Mr. President, we must not allow a mineshaft gap!
– General “Buck” Turgidson1
China is a vast country—‘When it is dark in the east, it is light in the west; when things are dark in the south, there is still light in the north.’ Hence one need not worry about lack of room for maneuver.
– Chairman Mao Zedong2
Hot on the heels of Obama’s near declaration of war on China in Darwin Australia, the Washington Post snapped to attention and marched off smartly to do journalistic battle.
There atop the “National Security” section of the Post a headline blared “Georgetown students shed light on China’s tunnel system for nuclear weapons.” This alarum was produced within days of Obama’s scary announcement of a U.S. military buildup to threaten Chinese commercial navigation, including vital oil shipments from the Middle East. That puts the U.S. on a war footing with respect to China, disturbing stuff indeed.
The students’ commander is one Phillip A. Karber, U.S. Marine Corp (ret.), now an adjunct Georgetown Prof. and former high level Cold Warrior who served under such worthies as Caspar Weinberger and Paul Nitze and at times reported directly to the Joint Chiefs of Staff. According to the Washington Post, Karber is a “hard-charging professor” who led a team of “obsessively dedicated students at Georgetown.” For reasons that are obscure, some say his students refer to him as “Buck.”
What was disclosed by years of effort on the part of Buck Karber’s students, who were force-marched over endless satellite images and gigabytes? In the end they found thousands of miles of tunnels in China, serving as a protection for its missile deterrent. A Congressional cry to build a Homeland Tunnel System may well follow – a much more acceptable jobs project than schools or mass transit.
There was only one glitch in the great Georgetown discovery. The Chinese had already announced the tunnel system years ago in 2009, pointing to as many as 3000 miles of tunnels and calling it a Great Wall to protect their nuclear deterrent, numbering in the hundreds at most and small by comparison to the Empire’s arsenal.
“Buck” Karber tried to save face by claiming that the extra tunnels meant that the Chinese had more nukes than the few hundred, which is the estimate most widely accepted. There was not only a tunnel gap; but a good old-fashioned nuke gap! That will get some attention, he might have mused; and it did. 3000 miles must mean 3000 nukes, flawless logic to be sure. But this proved a bit over the top, and even the Post had to admit as much in the waning paragraphs of the article:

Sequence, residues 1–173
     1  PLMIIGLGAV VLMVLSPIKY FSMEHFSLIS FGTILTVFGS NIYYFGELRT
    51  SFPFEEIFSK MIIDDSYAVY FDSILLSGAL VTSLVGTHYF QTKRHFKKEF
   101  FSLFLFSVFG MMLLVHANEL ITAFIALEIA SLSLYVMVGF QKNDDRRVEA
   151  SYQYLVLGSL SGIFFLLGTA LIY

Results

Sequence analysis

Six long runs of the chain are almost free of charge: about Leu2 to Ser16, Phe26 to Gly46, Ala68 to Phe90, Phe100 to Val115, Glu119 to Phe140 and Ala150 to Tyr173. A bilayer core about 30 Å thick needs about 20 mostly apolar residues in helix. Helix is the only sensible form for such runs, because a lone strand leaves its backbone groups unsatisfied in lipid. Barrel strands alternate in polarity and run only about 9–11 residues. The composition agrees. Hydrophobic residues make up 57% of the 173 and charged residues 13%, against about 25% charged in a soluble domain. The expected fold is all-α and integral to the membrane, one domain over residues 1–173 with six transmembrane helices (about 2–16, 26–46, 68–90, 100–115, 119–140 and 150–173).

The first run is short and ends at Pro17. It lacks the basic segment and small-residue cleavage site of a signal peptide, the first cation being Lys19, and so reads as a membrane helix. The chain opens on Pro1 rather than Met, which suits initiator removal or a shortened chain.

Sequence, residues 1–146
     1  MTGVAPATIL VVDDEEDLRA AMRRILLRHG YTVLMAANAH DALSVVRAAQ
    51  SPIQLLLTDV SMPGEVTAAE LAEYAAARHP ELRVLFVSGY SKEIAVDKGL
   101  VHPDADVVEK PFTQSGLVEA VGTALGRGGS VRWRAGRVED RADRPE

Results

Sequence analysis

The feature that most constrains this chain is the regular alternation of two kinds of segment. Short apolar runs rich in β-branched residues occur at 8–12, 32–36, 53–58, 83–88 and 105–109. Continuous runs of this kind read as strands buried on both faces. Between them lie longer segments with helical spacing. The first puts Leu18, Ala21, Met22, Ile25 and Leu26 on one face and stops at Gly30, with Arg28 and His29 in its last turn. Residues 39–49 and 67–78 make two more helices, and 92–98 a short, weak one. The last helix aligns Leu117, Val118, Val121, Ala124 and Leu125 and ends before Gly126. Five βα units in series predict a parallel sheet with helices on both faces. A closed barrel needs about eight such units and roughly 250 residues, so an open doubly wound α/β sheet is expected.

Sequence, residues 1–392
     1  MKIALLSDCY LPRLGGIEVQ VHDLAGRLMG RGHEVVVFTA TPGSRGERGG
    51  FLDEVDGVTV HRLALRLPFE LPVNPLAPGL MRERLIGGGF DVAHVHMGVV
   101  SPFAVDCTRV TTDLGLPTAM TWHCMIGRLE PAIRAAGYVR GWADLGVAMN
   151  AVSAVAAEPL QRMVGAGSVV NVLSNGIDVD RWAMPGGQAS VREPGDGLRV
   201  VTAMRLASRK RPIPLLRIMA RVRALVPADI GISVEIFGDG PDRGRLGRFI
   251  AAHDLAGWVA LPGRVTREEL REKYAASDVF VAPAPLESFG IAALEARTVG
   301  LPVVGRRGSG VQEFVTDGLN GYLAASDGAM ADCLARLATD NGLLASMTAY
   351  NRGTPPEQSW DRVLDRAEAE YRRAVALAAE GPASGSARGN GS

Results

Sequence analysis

George Kulacki, a China nuclear analyst at the Union of Concerned Scientists, publicly condemned Karber’s report at a recent lecture in Washington. In an interview afterward, he called the 3,000 figure ‘ridiculous’ and said the study’s methodology — especially its inclusion of posts from Chinese bloggers — was ‘incompetent and lazy.’
“The fact that they’re building tunnels could actually reinforce the exact opposite point,” he argued. “With more tunnels and a better chance of survivability, they may think they don’t need as many warheads to strike back.”
As Noam Chomsky often exhorts, read the last paragraphs of reports in the MSM first.
What should we conclude? First we are likely to hear all kinds of alarming reports about China as Emperor Obama and Field Marshall Clinton gear up to confront the Dragon. One of the hallmarks of “good” propaganda is that it must be concrete with memorable imagery – and if possible some small element of truth. Second, we have a responsibility to learn more about the Empire’s number one adversary if we are to construct a serious antiwar effort. And there are plenty of sources from China itself which is publishing a lot to reach us, including Global Times and China Daily, both on line and both in English. You may demur, worrying about “the other side of the story.” No problem, you get loads of it on a daily basis in the Post and its partners the NYT and.
- Dr. Strangelove or: How I Learned to Stop Worrying and Love the Bomb. [↩]
- Problems of Strategy in China’s Revolutionary War (December 1936), Selected Works, Vol. I, p. 180. [↩]